The Seward Park Cooperative, one of the largest residential complexes on the Lower East Side, has shifted from using Con Ed steam to its own environmentally-friendly boilers for heat and hot water.
Earlier this month, two out of four boilers became operational, providing service to more than 1700 apartments as well as commercial tenants at the Grand Street property. The other boilers will go online in the next couple of weeks. The low pressure boilers are equipped with natural gas-fired “California-standard” burners; Seward Park is the first residential complex in New York City to install these type of burners for water and heat.
This morning, State Assembly Speaker Sheldon Silver did the honors during a ribbon cutting ceremony and praised the co-op for completing a project that will lower heating bills for residents and “benefit everyone” in the community by creating a cleaner environment. The co-op, which also has an electric car charging program, is a “leader in leaving the environment for our children and grandchildren better than it is today,” he said. Silver, who decades go lived in a Seward Park apartment, is now a resident of the Hillman Houses, located a few hundred feet to the east on Grand Street.
Seward Park’s 10 year steam contract from Con Ed expired last year just as Hurricane Sandy hit the city. Silver helped the co-op negotiate a six-month extension with Con Ed, which had signaled its intention to raise the cooperative’s rates significantly. The extension saved Seward Park around $1 million, said Frank Durant, the co-op’s general manager.
The conversion has been in the works for more than eight years. The property’s heat and hot water had previously come from the same system powering two other Grand Street cooperatives, East River and Hillman. But that relationship was severed more than a decade ago during a dispute with the other complexes. Seward Park was one of Con Ed’s biggest steam customers. Last year, during Hurricane Sandy, the cooperative lagged behind many other buildings in the neighborhood in restoring heat and hot water because it was dependent on Con Ed, which suffered a debilitating explosion at its 14th Street plant.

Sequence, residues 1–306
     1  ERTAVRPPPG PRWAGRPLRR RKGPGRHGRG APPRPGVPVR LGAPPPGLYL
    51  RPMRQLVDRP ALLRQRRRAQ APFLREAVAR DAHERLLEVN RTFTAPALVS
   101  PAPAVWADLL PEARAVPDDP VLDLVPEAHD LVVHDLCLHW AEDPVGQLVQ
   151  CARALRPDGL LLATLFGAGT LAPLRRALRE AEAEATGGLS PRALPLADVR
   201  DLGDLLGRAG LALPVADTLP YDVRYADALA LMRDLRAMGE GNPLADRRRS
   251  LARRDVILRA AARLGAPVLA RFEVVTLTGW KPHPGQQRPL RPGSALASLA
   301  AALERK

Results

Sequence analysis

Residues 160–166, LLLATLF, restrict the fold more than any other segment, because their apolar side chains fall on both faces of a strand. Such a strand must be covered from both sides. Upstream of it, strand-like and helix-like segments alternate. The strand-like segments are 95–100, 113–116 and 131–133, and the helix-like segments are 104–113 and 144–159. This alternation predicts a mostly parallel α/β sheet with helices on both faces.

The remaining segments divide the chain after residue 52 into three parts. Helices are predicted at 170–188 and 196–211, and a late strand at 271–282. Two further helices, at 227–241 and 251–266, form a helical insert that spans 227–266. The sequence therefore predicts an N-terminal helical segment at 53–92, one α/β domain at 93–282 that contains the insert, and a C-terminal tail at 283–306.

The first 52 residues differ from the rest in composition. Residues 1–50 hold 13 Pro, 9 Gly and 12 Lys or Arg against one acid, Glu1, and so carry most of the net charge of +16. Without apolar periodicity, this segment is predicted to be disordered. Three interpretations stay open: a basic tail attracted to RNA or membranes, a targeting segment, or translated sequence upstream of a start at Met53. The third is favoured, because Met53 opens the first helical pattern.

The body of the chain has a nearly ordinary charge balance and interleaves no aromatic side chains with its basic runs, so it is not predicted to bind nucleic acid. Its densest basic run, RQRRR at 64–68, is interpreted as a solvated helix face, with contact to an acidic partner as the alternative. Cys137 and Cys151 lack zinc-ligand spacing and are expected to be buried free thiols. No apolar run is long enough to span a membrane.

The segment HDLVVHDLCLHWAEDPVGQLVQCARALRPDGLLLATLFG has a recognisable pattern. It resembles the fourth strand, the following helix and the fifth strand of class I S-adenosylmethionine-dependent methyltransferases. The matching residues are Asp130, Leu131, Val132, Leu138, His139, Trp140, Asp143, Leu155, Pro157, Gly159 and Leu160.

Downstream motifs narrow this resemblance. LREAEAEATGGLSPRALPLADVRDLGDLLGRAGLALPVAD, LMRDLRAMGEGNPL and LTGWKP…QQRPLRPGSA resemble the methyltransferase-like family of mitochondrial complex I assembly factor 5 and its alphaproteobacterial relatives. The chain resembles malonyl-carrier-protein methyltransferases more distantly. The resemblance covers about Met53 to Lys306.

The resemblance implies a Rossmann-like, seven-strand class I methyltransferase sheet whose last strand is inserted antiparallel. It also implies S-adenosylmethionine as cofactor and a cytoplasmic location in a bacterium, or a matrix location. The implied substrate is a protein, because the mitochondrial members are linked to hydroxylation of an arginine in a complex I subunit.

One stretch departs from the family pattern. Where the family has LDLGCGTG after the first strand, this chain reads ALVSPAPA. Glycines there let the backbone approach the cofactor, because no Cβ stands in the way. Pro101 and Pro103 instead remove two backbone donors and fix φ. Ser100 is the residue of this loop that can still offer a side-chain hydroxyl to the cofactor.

Yesterday, we toured the new facility, located under a Chinese restaurant on Clinton Street, with Durant. The basement space had not been used in many years. Last year, he noted, the co-op spent nearly $2 million on Con Ed steam. $5 million was budgeted for the conversion (the funds came from flip tax and apartment sale revenues).
Durant estimated the new system would save the co-op around $400,000 each year. The 500-horsepower boilers were purchased from Easco, a firm located in the Bronx. The contractor is Dynamic Mechanical. Seward Park is managed by the Charles Greenthal Company. There are two boiler rooms at Seward Park. The second facility is located on the grounds of Apple Bank, a Seward park tenant at 466 Grand St., near Pitt Street.
Durant said the next environmentally-friendly initiative in the works is co-generation — which will provide all four co-op buildings with backup electrical power during emergencies.
In the past year, the East River and Hillman cooperatives also installed new clean-burning heating system.